Laying out the line’s challenges and plans amid its enhanced fleet, strong international positioning and will to promote a responsible way of travelling while facing a public with new expectations, Bellaiche added, ‘People are eager to sail again: during the five-day event we organised in Le Havre for the launch of Le Commandant Charcot, we had the pleasure to host a total of some 1,500 people, though they had been notified rather late.
‘The pandemic is not over yet, no doubt, [but] the level of sanitary and security measures we set – which is rigorous, proven and continually updated – remains a major asset in a booking decision, just like our payment and cancellation policy. We are therefore optimistic for the next seasons.’
A change in thinking
If this last year-and-a-half made the company emerge even more efficient, it also made people aware of how fragile the planet is. ‘They are seeking trips... which bring them nearer to nature while protecting it,’ Bellaiche added.
‘This is a philosophy which has always been and is at the heart of Ponant’s concept, which implies the greatest respect for the regions and populations we visit.’ Responsible and sustainable travel is reflected in the line’s distribution of water containers, abolishment of single-use plastics, electricity-saving through LED bulbs and on-board waste and waste water treatments.
Full fleet to sail the world
Ponant has invested in six newbuilds in the last three years and claims to continually ‘green up’ its vessels. Next May, its three-masted sailing yacht Le Ponant will navigate the Mediterranean, connecting to the electricity network in certain ports to limit its ecological impact. Launched 30 years ago, it is being fully redesigned at San Giorgio del Porto shipyard, Genoa to accommodate just 32 passengers and 33 crew members, housing 16 passenger cabins.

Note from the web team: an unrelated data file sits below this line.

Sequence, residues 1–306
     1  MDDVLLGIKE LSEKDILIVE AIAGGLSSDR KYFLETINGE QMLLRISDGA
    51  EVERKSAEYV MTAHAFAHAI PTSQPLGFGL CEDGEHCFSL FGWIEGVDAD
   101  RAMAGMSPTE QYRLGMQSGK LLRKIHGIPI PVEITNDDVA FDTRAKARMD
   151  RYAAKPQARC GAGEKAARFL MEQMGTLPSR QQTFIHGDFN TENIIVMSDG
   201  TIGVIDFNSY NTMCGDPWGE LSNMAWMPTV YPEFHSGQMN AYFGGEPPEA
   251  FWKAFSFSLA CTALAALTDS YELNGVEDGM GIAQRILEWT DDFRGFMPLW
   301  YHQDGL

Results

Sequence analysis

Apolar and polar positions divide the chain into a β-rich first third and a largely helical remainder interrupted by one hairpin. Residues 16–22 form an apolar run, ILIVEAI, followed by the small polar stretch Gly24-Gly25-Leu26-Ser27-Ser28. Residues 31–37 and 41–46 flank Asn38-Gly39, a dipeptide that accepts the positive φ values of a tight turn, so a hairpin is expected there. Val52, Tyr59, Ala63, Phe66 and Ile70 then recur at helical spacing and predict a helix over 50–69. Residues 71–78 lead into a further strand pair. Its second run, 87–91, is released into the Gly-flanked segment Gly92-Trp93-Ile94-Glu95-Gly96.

The year ahead
Spanning polar, tropical or subtropical destinations, yachting and expedition voyages, Ponant plans over 200 itineraries (including 30 new ones) from March to November 2022. Destinations will include the Arctic and the American far north, the Atlantic and Northern Europe, the Mediterranean and the Black Sea, Asia, Oceania and the Pacific. ‘The Med and the Arctic/Antarctic remain, however, our clients’ favourites,’ Bellaiche noted.
This austral summer season will see L’Austral, Le Boréal and Le Lyrial sail the Antarctic, joined by Le Commandant Charcot. The latter will open new sea routes with sailings in the Weddell Sea and the Ross Sea.
Another first for the line during its 2022 Arctic season is four 16-day cruises to the North Pole in July and August, as well as a discovery of the northeastern coast of Greenland in May, covering unexplored territories between Greenland and Spitsbergen, a Svalbard circumnavigation in June and a Northwest Passage crossing comprising its remotest places visited in September.
Bilingual ships, French style
‘For a few years now, we have strongly internationalised our range of passengers,’ Bellaiche said. ‘Eight years ago, 70% of our clients came from French-speaking countries. It’s no longer the case, now 75% of them are non-francophone.
‘Most come from the United States, so do our many charters. We have a prestigious partnership with Smithsonian Journeys. Unique, as well, are the cruises we organise with National Geographic. All of our ships are bilingual.’
Running in parallel is the company’s aim of enhancing its French roots in atmosphere, service and products: ‘For five years now, we have been benefiting from the expertise of Alain Ducasse Conseil and its consulting experts,’ Bellaiche said. 'On board Le Commandant Charcot, the signature dishes of the famous multi-starred chef and the menus he specially designed are served at the gastronomic restaurant.’
On Le Commandant Charcot, two science laboratories offer a ‘participative science’ encounter for passengers, appealing to ‘younger and more adventure-oriented clientele, according to Bellaiche. Families may make a written request for young children to be involved.
Ponant promotes on board all its ships the kind of tourism, concluded Bellaiche, ‘which is not passive but interactive, where we share knowledge with the people, awaken their senses and consciousness with our specialists, our renowned lecturers, naturalists [and] guides,’ adding, ‘We favour authentic exchanges with local populations.’